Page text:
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Archiver > GENEALOGY-DNA > 2004-02 > 1077466147


From:
Subject: Re: [DNA] Ancient and Recent [was: How many actual markers...]
Date: Sun, 22 Feb 2004 11:09:07 EST


In a message dated 02/22/04 6:35:17 AM Pacific Standard Time,
writes:

> With all that has been said here, am I, the newbie, right in assuming that
> this testing really only pertains to the ancient genes of the testee versus
> the more recent gene acquisitions?
>
> I became interested in this process after discovering that my parental
> lineage demanded identity from two resources (historical) that insisted
> either one of two groups: African vs Amerindian in the last 5 generations,
> mine included.
> Also, does this mean that I would need to find a female descendant to trace
> this ancestry from a female lineage to get a more accurate result?

Reading between the lines, I gather you ordered the DNAPrint test (also known
as Ancestry by DNA or BioGeographical Ancestry). If we are counting
generations the same way, then

1) Your great-great grandparent (100% African OR Native American -- I'll just
say African from now on) marries a 100% European

2) Your great-grandparent (exactly 50% African) marries a 100% European

3) Your grandparent (approximately 25% African) marries a 100% European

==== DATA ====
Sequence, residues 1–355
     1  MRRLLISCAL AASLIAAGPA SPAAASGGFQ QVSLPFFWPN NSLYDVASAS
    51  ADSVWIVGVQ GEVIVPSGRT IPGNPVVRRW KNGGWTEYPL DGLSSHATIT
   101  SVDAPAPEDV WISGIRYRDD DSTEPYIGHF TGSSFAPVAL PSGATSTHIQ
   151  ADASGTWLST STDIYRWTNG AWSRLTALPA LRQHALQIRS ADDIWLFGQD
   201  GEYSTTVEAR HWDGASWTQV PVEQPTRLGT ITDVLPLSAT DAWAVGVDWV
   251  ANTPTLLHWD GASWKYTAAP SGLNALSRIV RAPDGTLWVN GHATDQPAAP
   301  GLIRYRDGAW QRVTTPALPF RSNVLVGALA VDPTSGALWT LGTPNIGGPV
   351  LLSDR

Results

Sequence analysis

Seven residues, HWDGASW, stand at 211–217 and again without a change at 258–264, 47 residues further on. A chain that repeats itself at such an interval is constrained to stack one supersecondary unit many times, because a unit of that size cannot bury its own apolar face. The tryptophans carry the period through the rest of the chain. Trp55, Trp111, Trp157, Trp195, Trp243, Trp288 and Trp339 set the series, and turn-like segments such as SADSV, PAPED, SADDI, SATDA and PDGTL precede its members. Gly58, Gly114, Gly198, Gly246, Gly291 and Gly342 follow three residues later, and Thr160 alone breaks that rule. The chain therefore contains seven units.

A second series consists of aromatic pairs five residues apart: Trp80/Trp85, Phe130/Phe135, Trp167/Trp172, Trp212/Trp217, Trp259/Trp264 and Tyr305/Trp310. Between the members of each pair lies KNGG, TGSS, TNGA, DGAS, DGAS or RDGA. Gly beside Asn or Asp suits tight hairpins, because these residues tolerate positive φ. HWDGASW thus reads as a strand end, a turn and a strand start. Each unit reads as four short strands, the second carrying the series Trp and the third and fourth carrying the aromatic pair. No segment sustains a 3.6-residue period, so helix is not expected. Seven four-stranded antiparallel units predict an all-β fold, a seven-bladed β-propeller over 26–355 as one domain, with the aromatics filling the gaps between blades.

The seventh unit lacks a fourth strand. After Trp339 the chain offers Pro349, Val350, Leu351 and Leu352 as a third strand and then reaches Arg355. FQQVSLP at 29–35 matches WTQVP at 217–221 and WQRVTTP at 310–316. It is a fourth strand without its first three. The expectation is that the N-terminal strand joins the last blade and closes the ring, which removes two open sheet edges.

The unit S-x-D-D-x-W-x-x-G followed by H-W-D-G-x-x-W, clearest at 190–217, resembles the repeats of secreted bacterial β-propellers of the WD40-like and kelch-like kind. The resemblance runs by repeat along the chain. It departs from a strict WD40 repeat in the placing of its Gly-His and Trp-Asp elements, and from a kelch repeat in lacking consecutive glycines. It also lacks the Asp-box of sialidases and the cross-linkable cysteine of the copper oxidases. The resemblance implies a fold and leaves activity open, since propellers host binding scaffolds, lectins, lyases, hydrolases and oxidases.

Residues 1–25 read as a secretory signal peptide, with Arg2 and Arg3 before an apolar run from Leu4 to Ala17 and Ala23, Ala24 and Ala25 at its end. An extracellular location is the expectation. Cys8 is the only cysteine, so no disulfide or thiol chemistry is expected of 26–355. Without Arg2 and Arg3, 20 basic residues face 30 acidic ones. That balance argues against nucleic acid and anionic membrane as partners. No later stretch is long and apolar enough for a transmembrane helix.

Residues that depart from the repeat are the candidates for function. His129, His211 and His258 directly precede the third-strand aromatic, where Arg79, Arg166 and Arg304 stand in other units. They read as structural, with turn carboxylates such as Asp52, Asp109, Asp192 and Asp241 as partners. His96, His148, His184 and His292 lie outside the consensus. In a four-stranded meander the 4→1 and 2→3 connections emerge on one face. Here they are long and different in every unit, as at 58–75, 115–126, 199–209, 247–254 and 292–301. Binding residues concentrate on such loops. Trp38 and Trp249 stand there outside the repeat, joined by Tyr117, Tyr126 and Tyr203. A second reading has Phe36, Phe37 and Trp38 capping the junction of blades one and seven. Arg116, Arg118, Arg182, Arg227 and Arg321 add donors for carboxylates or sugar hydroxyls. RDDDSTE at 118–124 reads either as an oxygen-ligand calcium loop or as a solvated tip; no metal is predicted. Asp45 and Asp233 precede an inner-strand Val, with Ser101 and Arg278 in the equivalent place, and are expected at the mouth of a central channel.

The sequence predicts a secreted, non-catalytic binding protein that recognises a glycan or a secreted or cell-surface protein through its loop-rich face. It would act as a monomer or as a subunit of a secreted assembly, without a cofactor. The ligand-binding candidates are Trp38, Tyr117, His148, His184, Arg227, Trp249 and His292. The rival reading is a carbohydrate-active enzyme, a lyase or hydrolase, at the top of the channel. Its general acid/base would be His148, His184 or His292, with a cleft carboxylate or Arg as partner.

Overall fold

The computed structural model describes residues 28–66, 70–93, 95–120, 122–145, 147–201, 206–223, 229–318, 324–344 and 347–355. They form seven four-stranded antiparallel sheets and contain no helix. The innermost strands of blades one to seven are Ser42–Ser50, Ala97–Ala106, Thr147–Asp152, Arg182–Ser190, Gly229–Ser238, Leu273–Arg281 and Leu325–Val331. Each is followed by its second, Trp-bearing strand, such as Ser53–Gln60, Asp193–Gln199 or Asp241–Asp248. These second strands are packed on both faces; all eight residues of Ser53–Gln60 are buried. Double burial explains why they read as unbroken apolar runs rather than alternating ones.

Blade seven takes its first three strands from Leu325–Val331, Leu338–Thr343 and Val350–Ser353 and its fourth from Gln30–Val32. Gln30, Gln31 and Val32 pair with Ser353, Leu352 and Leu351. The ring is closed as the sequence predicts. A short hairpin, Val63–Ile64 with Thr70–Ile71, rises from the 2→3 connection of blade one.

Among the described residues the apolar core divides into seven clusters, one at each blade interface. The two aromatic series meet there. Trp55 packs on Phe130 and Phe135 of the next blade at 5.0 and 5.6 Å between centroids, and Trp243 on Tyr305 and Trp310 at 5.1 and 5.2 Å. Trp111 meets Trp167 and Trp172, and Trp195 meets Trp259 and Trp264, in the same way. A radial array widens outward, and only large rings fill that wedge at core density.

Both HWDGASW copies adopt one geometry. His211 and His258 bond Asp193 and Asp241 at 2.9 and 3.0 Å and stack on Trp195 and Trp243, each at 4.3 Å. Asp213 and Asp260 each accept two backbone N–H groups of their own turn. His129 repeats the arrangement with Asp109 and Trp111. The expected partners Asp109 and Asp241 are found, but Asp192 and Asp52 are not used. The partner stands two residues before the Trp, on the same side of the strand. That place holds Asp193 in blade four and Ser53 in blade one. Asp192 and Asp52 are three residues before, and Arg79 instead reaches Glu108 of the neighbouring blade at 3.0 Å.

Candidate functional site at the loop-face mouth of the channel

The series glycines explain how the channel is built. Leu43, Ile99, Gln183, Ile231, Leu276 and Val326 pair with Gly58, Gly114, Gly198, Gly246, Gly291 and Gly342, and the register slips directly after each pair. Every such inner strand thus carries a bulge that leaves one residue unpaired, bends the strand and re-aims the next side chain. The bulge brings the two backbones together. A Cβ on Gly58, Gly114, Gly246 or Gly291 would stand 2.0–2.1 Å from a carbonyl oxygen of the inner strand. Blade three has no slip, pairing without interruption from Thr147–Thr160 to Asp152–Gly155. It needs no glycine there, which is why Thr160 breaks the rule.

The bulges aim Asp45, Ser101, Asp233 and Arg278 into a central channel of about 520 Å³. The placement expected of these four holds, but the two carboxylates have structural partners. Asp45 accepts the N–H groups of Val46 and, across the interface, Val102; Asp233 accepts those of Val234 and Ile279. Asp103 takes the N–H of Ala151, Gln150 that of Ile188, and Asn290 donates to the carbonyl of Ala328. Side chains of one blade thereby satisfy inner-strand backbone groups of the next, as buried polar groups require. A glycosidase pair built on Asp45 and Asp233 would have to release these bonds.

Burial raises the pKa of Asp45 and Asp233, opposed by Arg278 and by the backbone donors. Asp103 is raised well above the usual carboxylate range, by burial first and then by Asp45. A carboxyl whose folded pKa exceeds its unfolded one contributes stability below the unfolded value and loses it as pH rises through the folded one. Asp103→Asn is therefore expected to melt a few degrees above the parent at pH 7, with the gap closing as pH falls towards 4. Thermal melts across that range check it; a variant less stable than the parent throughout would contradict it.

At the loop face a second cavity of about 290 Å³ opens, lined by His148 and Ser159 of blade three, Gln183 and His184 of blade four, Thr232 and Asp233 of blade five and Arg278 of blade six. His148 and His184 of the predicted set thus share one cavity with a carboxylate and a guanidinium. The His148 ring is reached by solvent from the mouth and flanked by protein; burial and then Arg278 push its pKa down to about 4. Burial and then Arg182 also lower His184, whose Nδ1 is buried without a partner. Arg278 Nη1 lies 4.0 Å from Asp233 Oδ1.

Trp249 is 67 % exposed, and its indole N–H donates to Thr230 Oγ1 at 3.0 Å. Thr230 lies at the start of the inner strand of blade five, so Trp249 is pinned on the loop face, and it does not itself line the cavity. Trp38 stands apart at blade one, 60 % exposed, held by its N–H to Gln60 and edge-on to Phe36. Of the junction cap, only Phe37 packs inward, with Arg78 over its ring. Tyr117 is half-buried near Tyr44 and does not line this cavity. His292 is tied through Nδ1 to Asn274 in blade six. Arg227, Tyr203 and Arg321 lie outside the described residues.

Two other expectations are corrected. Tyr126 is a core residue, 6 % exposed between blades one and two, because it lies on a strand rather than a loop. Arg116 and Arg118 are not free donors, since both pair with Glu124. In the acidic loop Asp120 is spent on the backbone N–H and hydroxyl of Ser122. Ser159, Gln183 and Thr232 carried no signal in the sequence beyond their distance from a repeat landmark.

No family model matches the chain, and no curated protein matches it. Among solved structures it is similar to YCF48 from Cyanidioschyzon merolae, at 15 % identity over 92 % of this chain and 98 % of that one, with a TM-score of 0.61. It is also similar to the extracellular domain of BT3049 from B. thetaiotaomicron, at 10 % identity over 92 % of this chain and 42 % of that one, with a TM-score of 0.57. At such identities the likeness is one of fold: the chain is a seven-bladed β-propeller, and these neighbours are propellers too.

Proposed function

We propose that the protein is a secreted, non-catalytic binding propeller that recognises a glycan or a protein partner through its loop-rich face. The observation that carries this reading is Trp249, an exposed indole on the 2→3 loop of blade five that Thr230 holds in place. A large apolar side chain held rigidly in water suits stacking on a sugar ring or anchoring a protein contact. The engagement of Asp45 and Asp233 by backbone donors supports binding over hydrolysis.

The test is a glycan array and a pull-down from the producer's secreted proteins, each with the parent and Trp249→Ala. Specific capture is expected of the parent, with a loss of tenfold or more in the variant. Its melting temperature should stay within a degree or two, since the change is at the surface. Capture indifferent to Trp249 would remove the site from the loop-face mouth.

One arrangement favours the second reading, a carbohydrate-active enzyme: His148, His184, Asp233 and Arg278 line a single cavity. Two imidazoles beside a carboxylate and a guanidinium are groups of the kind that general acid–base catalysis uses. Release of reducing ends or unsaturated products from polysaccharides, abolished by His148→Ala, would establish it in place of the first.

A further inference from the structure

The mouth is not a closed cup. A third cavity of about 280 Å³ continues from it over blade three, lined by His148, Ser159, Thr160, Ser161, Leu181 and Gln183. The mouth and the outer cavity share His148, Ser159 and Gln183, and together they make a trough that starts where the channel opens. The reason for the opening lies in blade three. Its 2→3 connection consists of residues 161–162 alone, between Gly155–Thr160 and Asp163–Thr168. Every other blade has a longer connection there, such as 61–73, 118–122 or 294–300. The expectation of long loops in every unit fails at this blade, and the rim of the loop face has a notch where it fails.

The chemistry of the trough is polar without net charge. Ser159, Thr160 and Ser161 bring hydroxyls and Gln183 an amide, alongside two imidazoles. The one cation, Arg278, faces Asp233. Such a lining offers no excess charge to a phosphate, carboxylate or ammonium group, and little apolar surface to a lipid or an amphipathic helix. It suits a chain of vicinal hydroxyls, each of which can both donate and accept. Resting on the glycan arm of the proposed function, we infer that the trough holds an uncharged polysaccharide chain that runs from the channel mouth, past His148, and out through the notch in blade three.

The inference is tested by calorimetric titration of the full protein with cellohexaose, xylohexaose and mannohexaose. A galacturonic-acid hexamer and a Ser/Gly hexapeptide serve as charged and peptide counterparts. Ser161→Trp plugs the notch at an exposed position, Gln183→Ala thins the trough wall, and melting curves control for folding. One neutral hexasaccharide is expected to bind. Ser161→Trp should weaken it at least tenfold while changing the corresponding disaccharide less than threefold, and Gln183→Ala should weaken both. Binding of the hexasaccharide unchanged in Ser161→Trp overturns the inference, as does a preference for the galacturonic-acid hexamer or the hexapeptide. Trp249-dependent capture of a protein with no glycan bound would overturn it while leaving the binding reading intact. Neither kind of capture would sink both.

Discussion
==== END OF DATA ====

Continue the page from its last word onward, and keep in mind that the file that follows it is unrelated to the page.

4) Your parent (approximately 12.5% African) marries a 100% European

5) You are approximately 6.25% African.

There is randomness in the way genetic markers are passed on. When your
parent created the sperm or egg for you, he/she was passing on a genetic marker
that came from one of your grandparents, but you don't know which one. On the
average, you will get about 25% of your markers from each of your grandparents,
but it's just like dealing a hand from a deck of cards. You don't always end up
with equal numbers of hearts, diamonds, spades, and clubs. It's conceivable
that you would not have ended up with any African "diamonds," even if you would
expect 6.25% of your markers to be "diamonds" on the average.

Also, if your great-great grandparent was not 100% to begin with, your
pecentages would drop. One the other hand, if some of the spouses were not 100%
European, your percentages could increase, but they wouldn't be relevant to your
fundamental question. There is also uncertainty in what the markers reveal
about ancestry from a specific group. For example, one version of the marker (an
"allele") might be found in 83% of the African population and 9% of the
European population. If you have that marker, the odds favor an African ancestor, but
it could have been a European ancestor. The uncertainty is probably similar
to your expected percentage of African ancestry.

All the above is a very long-winded way of saying that you may or may not
learn the answer to your mystery with the DNAPrint test. We will be very
interested to hear about your results when they come in.

If #1 above was a female African, AND her maternal line was African all the
way back, then her straight female line descendants would carry mitochondrial
DNA that is typical of Africans. If #1 above was a male African, then the
straight male line descendants would have Y chromosomes typical of Africans. Using
Y or mtDNA gives you a clearer picture, because it doesn't get randomly
shuffled with the mtDNA of spouses. The downside is that it only reveals one of your
many ancestral lines, and it may be difficult to find the right person to
test. But if you succeed, then you should be able to settle the debate.

Ann Turner - GENEALOGY-DNA List Administrator
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